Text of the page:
Bordeaux is usually a blended wine but that is not mandated by law. The blend for each Chateau is usually determined by the type of soils they possess. In the north, the soils get heavier with more clay making Merlot increasingly important.
Starting in the north, the Medoc is a sub-region of Bordeaux.Chateau Greysac Medoc 2004 ($20)- 50% Merlot, 40% Cabernet Sauvignon, 8% Cabernet Franc and 2% Petit Verdot. Clear, deep garnet going brickish at the rim. Clean, medium+ intensity, developing aromas of mixed red and black fruit with cedar and cigar box. Dry, medium body, acid, alcohol and tannin with flavors of black berries and cherries with tobacco ending with a medium length finish. Good/Drink now.
Next is the largest of the six communes, Saint-Estephe. In the past, its wines were thought to mature more slowly (meaning lacking charm in youth) than its southern neighbors. Even in the famed 1855 Classification, only five wines were noted and none received 1st Growth status. In recent years, more Merlot is showing up in many winemaker's blends making for more approachable upon release wines.
Chateau Montrose Saint-Estephe 2004 ($75)- Clear, medium+ ruby color going garnet on the rim. Clean, medium+ developing aromas of black fruit, sage, leather and a bit of black olive. Dry, medium+ body, acidity, alcohol and tannins with a juicy black currant medium+ length finish. Very good/ drink now, has some aging potential.
Continuing south to the Haut Medoc sub-region, the general appellation for the vineyards north of the city of Bordeaux up to the Medoc border. Cru Bourgeois wines are important here although there are also 5 classed growths.
Chateau La Tour Carnet Grand Cru Classe Haut Medoc 2006 ($37) - Clear, deep ruby. Clean, medium intense developing aromas of fresh blackberries with cigar and pencil box. Dry, medium+ body/alcohol, medium acidity and medium+ tannins with a medium length blackberry/cocoa finish. Very good/drink now.
On down to the Graves sub-region. Graves is historically significant as the location of Bordeaux's first vineyards. Wine styles include dry red and white and also sweet white under the Graves Superieures AC.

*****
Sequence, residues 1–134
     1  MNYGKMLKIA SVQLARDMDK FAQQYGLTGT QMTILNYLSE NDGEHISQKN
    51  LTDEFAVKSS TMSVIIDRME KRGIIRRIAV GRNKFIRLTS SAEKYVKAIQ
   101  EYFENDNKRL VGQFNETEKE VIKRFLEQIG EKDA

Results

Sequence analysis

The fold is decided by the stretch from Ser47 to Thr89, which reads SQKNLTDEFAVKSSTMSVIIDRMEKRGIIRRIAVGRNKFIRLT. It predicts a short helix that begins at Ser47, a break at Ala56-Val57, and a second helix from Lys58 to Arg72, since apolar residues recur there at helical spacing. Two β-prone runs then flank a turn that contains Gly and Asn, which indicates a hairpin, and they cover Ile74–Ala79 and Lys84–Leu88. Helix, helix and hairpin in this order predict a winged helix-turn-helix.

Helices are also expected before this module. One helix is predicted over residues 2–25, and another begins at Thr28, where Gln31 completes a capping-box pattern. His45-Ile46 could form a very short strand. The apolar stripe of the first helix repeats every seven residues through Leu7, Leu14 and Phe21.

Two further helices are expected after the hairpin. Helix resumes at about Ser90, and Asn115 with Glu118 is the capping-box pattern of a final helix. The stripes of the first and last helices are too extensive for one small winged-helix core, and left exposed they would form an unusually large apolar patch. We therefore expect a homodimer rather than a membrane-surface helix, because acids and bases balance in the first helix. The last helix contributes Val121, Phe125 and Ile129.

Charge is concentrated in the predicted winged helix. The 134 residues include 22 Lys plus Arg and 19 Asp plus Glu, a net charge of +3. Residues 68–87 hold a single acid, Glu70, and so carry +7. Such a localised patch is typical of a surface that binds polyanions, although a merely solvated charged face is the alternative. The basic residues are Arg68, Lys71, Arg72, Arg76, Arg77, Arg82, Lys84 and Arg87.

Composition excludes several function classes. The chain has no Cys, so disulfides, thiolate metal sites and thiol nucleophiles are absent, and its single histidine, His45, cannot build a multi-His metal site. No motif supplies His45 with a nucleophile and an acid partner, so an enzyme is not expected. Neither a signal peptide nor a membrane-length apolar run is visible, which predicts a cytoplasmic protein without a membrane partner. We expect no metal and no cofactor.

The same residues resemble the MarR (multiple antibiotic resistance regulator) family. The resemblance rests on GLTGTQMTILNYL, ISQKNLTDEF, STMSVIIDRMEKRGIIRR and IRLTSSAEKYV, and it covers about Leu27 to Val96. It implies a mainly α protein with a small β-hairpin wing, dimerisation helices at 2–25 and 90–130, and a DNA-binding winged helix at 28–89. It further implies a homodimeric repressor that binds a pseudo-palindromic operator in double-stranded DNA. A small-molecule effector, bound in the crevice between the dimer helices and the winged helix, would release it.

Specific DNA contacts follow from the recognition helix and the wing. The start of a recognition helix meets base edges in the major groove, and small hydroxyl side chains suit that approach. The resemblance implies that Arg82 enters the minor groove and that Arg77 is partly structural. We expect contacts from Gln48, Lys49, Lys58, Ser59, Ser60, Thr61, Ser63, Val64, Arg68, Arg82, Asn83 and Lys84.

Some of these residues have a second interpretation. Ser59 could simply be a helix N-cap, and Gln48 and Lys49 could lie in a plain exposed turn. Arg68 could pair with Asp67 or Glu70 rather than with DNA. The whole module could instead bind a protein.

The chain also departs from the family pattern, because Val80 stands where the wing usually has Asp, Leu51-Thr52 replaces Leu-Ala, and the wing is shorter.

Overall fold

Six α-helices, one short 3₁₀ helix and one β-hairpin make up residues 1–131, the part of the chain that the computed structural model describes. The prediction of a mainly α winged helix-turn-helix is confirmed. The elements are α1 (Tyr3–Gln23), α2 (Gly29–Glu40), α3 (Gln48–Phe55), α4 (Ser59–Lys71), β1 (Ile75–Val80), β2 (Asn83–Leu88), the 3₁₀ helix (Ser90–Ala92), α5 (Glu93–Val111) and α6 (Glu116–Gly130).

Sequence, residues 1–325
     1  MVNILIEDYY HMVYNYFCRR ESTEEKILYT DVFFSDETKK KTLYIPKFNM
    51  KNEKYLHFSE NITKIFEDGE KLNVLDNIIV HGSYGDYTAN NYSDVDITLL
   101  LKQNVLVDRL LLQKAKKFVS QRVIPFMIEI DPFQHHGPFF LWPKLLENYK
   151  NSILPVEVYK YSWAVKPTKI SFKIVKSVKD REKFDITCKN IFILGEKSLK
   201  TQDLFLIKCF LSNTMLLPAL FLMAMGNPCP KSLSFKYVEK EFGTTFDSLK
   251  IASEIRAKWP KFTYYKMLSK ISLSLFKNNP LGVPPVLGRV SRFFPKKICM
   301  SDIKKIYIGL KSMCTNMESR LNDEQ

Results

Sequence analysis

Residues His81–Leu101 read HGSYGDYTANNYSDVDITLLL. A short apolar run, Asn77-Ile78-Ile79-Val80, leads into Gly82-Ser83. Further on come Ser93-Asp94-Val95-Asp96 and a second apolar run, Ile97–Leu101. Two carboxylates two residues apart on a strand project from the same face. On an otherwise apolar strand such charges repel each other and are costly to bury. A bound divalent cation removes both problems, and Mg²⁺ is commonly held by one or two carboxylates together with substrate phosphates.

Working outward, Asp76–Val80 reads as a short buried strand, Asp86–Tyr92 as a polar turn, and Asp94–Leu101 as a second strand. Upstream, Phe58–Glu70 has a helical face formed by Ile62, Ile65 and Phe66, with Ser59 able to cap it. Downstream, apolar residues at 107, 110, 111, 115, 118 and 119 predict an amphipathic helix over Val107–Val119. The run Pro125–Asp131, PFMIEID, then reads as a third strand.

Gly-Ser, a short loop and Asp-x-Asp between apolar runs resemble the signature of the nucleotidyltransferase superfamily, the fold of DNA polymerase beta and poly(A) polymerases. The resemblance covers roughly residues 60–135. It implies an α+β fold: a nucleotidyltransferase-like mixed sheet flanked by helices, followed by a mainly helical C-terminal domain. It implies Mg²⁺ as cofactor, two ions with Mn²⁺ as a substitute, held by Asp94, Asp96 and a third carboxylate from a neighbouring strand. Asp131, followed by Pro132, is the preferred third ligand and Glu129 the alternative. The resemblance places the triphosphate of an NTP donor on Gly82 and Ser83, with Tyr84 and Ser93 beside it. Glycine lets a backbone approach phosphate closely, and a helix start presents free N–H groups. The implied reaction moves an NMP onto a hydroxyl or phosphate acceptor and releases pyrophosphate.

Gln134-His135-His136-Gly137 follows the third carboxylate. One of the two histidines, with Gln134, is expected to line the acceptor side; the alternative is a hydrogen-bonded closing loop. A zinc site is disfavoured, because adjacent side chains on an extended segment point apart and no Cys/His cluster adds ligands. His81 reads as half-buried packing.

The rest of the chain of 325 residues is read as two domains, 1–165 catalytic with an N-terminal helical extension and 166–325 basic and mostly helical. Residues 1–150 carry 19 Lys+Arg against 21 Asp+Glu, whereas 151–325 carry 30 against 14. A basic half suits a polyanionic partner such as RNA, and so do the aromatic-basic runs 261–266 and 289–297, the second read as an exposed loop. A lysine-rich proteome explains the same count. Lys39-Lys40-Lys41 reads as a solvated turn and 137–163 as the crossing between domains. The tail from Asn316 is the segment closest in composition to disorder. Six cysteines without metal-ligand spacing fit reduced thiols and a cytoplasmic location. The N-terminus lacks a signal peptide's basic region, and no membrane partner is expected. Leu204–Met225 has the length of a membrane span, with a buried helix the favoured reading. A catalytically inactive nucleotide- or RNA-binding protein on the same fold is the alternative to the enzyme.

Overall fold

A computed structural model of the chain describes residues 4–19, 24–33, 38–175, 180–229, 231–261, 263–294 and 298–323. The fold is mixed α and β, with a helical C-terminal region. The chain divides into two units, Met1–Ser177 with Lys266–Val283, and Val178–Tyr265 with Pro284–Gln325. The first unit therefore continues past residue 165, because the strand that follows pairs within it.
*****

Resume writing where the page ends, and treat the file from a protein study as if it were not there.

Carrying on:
Chateau Cabannieux Reserve Graves Grand Vin de Bordeaux 2000 ($27) - Clear, deep garnet with a brickish rim. Clean, medium intense, fully-developed aromas of black fruit, cedar and cigar box. Dry, medium body/alcohol, medium+ acidity and tannins, flavors mirroring aromas with a medium+ length finish. Good+/drink now.
Within Graves is the commune appellation of Pessac-Leognan. They produce both Cab-dominated reds and light whites from Sauvignon Blanc and Semillion blends.
Chateau Haut-Bergey Pessac-Leognan 2006 ($43) - Clear, medium lemon yellow color with a watery rim. Clean, medium intense developing aromas of citrus and smoke. Dry, medium+ body, acidity and alcohol with flavors of lemon, flint and smoke with a medium length finish. Good/Drink now.
Also within Graves lies the Sauternes appellation which includes five communes on the bank of the Cirons River. This area has a unique macro-climate making it the perfect place to produce botrytized sweet wines.
Chateau Doisy-Vedrines Grand Cru Classe Sauternes 2003 ($29/half bottle) -
Clear, medium gold color. Clean, medium intense developing aromas of apricot and honey with a bit of canned mushroom and a bit of sulfur. Sweet, medium everything with a medium length honeyed finish. Good/drink now.
Chateau Coutet Premier Cru Classe 2005 ($40/half bottle) -
Clear, medium gold color. Clean, medium intense developing aromas of nectarine, apricot, marmalade and honey with a surprising bit of kerosene. Sweet, medium+ everything with a long-length honeyed finish. Outstanding/drink now or hold.
Chateau Lafon Rochet 2005
Notes from a Bordeaux Wine Tasting
Bordeaux- Regional Notes